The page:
Philadelphia Parking Authority Boots Widow’s Car Over 23-Year-Old Tickets

You can run. You can hide. But one day, when you least expect it, the PPA will find you.

Bucks County’s Judi Space had to come to Center City last week to meet with her estate attorney, since her husband passed away suddenly in December.

She decided to make a day of it.

Space met her cousin for lunch near Washington Square. She visited with her daughter. And when she returned to her car, parked perfectly legally at 21st Street and the Benjamin Franklin Parkway, Space was shocked to find that it had been booted by the Philadelphia Parking Authority.

The boot made absolutely no sense to Space, who couldn’t even remember the last time she received a parking ticket in Philadelphia. “I thought that it had to be some sort of mistake,” says Space.

So she pulled out her cell phone and called the phone number listed on the PPA’s boot form, which was attached to her window. “They told me that the car was booted because of unpaid parking tickets from 1991,” says Space. “It was a nightmare.”

In point of fact, Space had a total of six unpaid parking tickets, according to the PPA. There were five from 1991 and one from 1993, with original fines ranging from $15 to $25. A 2006 ticket that Space received for an expired meter was paid within 10 days of its issuance. So, Space’s car was booted due to parking tickets that were more than two decades old. Wilson Goode was still the mayor when she received most of them.

Space doesn’t deny receiving the tickets way back when she was in her late 30s. But she does say that whatever tickets she got, she paid them in full. She argued with the PPA representative over the phone. “‘Show us some proof,’ they told me,” Space remembers. “I said, ‘Nobody keeps their records for that long.’ And they said, ‘Some people do.'”

Space realized that if she wanted to get home to Bucks County, she’s was going to have to pay the fines. At the PPA representative’s instructions, she tried to use an automated system to pay with a credit card, but the system wouldn’t recognize the record number that the rep gave her. (Of course it wouldn’t.) She called back to speak with a live person, who told her she would have to go down to that soul-sucking black hole of inhumanity and injustice: the PPA Violations Branch on Filbert Street.

“I felt like I fell down an evil rabbit hole into some bureaucratic nightmare,” says Space. “Did you ever see the movie Brazil? It was like that.”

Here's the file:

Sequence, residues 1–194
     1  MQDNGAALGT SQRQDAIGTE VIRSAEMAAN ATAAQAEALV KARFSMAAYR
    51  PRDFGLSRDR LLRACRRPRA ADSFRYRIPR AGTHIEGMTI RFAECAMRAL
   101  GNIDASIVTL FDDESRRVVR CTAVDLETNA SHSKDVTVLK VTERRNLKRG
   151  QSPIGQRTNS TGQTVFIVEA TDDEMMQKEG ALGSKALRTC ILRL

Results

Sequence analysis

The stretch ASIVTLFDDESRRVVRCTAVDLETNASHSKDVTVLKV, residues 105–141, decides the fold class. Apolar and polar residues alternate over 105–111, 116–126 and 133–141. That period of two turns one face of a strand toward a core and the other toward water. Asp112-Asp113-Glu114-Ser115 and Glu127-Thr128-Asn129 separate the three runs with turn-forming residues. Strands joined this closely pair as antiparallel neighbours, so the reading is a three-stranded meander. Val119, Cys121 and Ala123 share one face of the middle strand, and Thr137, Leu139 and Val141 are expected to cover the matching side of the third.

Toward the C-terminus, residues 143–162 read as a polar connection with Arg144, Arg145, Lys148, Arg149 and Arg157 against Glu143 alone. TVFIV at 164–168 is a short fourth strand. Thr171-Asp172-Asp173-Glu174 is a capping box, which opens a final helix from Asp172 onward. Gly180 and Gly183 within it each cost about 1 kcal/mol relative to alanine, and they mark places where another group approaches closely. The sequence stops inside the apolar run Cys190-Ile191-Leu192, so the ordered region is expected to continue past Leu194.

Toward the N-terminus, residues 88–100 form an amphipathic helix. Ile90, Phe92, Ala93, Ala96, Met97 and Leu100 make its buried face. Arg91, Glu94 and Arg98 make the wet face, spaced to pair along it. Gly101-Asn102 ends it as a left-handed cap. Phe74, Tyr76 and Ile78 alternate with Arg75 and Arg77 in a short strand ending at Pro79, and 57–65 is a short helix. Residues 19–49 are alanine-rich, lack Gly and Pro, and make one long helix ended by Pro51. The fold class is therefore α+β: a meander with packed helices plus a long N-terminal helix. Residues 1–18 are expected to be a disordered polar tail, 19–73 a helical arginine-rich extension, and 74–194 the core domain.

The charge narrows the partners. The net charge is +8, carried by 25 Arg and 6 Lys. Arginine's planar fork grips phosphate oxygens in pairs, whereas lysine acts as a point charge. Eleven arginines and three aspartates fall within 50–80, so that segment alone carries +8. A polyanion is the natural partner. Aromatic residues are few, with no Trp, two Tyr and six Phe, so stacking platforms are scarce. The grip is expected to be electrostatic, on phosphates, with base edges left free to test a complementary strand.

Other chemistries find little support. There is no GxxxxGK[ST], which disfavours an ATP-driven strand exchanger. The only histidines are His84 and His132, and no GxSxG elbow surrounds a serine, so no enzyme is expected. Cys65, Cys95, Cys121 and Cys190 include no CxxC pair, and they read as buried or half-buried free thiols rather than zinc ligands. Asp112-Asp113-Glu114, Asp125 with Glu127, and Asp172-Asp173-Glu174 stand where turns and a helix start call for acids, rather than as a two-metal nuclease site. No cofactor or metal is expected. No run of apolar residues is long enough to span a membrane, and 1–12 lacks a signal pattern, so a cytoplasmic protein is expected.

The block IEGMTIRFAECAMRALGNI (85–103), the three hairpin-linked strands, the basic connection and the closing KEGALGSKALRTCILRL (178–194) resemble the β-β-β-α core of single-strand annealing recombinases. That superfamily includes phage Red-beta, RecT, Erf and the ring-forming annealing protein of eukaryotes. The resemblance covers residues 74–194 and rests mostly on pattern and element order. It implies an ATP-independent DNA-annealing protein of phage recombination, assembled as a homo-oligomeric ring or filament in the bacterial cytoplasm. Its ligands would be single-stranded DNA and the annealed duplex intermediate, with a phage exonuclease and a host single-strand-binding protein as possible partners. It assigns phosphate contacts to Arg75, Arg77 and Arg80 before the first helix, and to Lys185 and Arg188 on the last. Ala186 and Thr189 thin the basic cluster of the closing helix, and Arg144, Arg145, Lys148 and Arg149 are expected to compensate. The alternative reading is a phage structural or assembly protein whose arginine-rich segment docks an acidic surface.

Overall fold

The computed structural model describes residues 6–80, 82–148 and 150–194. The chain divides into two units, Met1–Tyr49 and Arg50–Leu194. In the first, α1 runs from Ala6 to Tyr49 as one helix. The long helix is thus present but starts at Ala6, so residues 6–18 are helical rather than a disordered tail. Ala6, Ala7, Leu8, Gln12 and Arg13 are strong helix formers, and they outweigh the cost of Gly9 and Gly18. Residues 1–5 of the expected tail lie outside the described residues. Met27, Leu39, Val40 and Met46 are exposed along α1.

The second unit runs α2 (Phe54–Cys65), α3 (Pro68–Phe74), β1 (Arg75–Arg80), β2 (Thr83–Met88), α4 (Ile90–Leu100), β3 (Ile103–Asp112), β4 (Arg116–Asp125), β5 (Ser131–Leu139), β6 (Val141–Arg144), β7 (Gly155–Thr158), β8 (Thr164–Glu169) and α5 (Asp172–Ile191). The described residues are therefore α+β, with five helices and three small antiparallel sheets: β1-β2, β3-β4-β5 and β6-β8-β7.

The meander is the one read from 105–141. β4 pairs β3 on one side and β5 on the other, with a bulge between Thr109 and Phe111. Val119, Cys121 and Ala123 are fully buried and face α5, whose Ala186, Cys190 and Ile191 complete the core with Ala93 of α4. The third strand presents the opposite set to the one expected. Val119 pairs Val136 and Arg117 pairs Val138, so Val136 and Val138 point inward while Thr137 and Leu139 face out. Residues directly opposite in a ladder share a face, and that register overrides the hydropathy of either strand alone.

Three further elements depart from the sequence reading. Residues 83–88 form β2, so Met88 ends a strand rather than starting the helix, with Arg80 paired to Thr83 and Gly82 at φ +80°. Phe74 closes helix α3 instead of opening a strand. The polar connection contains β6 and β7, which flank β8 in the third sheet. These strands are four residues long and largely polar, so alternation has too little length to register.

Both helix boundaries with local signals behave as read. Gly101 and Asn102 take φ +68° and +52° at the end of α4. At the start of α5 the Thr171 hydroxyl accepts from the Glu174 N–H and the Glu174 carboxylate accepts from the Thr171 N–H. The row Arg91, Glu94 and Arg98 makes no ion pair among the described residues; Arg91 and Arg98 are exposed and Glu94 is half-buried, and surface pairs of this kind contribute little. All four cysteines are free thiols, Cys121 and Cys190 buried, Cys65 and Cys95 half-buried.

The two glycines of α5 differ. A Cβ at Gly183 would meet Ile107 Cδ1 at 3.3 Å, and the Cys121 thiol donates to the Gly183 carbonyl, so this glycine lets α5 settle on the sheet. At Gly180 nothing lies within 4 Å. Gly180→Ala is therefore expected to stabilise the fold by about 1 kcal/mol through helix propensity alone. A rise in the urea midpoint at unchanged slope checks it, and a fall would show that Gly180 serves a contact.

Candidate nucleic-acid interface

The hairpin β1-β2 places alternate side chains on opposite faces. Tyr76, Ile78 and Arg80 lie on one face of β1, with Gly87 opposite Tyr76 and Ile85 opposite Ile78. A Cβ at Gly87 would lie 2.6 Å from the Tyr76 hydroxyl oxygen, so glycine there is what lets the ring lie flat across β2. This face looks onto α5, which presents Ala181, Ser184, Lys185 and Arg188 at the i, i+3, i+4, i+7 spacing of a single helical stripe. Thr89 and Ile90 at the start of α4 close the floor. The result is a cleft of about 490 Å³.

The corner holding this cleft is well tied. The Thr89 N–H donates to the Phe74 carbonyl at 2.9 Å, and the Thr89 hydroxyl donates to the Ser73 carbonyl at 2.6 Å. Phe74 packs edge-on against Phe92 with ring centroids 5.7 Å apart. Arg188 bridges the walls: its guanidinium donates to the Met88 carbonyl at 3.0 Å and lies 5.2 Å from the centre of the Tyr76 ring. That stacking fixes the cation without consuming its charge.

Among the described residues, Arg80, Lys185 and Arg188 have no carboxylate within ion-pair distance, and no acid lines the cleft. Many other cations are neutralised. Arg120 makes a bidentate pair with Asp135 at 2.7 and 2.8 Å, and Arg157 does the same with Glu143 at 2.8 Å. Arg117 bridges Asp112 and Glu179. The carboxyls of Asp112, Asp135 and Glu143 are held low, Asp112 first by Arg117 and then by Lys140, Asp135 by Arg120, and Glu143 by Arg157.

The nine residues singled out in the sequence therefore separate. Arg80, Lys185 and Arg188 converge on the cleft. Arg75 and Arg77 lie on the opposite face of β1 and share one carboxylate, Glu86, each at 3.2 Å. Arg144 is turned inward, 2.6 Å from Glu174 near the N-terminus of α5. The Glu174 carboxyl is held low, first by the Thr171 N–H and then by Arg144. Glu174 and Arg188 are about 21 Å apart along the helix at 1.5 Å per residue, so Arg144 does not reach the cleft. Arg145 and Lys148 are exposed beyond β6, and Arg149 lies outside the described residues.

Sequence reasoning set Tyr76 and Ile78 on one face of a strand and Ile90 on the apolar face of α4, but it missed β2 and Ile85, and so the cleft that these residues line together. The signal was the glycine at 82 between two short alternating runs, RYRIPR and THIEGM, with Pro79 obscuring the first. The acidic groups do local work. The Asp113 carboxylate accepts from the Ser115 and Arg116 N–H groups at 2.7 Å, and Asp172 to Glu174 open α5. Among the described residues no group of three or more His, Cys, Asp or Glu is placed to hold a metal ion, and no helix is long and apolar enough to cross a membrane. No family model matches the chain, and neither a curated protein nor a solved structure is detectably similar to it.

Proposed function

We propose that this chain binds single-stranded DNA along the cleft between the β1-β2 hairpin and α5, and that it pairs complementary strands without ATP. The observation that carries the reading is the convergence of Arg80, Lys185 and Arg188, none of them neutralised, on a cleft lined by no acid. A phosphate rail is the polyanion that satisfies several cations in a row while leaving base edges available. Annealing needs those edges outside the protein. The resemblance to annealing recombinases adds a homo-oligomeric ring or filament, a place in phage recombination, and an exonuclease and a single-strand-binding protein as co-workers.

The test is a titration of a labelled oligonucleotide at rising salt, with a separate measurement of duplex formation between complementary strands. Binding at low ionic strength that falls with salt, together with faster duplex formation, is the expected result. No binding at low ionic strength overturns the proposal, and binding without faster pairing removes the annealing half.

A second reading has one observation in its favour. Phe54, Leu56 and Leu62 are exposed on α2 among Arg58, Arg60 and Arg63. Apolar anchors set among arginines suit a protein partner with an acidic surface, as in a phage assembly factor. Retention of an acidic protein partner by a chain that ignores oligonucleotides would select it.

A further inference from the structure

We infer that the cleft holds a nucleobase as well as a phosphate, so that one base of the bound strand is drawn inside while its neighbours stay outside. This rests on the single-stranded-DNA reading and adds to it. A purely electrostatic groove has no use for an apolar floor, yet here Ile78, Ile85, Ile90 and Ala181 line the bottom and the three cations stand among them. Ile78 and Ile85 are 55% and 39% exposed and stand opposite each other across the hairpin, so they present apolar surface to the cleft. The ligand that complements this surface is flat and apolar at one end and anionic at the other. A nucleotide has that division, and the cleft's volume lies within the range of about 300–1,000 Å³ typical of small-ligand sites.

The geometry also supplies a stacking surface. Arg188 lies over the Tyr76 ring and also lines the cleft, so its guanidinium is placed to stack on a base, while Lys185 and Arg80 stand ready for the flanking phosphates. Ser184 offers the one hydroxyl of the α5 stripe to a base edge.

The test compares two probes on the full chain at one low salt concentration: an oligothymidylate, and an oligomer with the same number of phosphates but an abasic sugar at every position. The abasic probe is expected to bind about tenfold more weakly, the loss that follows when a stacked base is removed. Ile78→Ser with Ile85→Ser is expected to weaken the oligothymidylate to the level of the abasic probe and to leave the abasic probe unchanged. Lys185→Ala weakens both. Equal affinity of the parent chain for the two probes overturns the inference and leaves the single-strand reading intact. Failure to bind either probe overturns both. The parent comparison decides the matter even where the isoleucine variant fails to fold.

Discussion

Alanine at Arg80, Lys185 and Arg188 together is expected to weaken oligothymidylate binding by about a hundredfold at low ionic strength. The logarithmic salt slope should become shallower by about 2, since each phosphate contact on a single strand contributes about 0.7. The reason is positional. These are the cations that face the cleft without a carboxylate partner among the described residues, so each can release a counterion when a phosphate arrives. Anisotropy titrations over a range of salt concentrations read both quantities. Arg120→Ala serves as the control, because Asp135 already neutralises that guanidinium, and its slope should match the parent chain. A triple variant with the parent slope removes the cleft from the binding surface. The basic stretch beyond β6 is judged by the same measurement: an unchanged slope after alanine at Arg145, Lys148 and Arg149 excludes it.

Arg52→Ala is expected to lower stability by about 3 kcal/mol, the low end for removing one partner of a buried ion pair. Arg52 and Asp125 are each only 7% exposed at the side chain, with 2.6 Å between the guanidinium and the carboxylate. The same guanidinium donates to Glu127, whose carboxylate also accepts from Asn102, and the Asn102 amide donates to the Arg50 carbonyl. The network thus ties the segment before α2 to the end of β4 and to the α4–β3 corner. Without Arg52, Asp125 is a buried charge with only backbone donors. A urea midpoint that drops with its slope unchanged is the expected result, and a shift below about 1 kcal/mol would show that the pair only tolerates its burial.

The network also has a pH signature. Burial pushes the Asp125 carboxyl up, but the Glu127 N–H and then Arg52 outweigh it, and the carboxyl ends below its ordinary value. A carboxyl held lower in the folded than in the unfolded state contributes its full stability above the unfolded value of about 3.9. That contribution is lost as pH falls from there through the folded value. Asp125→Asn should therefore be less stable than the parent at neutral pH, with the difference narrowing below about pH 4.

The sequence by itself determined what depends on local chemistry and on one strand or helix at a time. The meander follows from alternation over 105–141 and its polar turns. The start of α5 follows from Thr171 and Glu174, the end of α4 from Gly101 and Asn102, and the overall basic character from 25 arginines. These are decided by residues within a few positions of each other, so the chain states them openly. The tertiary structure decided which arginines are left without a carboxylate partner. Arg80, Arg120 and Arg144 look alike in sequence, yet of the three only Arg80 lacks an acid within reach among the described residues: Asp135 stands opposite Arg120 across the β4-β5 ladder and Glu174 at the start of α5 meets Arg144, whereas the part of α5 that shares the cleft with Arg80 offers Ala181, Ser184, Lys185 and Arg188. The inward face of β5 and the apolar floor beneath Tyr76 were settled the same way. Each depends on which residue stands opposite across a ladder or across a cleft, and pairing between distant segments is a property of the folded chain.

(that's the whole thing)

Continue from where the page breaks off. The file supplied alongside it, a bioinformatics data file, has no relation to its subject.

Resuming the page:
A friendly cop she stopped to tell of her plight offered to drive her to Filbert Street. “While we were in his car,” she says, “he told me that the Parking Authority has trucks that roam around, scanning license plates to find people with outstanding tickets.” (Brazil, indeed. The PPA does have those trucks, and they scan plates of parked cars, whether or not those cars are parked illegally. In Space’s case, she’s had the same license plate since those old tickets were issued.)

Once at the Filbert Street location, Space explained that she wanted to pay to have the boot removed but that she also wanted to fight the tickets. “If you pay, you are are admitting guilt,” she says she was told. “So I handed over my credit card. I was in tears. It’s a legalized robbery mill.” Space paid the PPA $483 in fines and fees.

A few hours later, the PPA removed the boot, and Space made her way home. “I sobbed for hours,” she says. “What would someone do who doesn’t have $500 to pay?”

Whether or not Space ever paid the original tickets back in the early ’90s, surely the statute of limitations has run out, right?

After all, the statute of limitations in Pennsylvania for rape is 12 years. And if you burn down someone’s house (assuming you don’t hurt anyone inside) or kidnap someone’s child (assuming you don’t take them across state lines), you cannot be prosecuted after five years.

So there’s absolutely no conceivable way that it’s legal for the PPA to nail a person for some measly parking tickets more than two decades after those tickets were issued, right? Please, please, please. Tell me that is correct.


According to PPA spokesperson Martin O’Rourke, the term “statute of limitations” doesn’t even apply to these PPA matters, because the PPA is simply trying to collect a debt that was determined to be valid long ago. (Never mind that a full-fledged bankruptcy disappears from your credit report in seven to 10 years.)

O’Rourke says that there is a city ordinance that places a cap of 10 years on the PPA’s collection efforts. But — and this is a very big but — that cap doesn’t apply when the person in question is listed as a “chronic offender” or scofflaw, which is defined as anyone who owes more than $500 or has three or more outstanding tickets. And Space fell neatly into that category.

“I have always been a true lover of Philadelphia,” she insists. “But I think the love affair is over.” Space says that a friend suggested that she take the PPA to Small Claims Court to which I say, DO IT. Meanwhile, I think the PPA owes Space a refund. What do you think?

POLL Should the PPA Refund Her $483?

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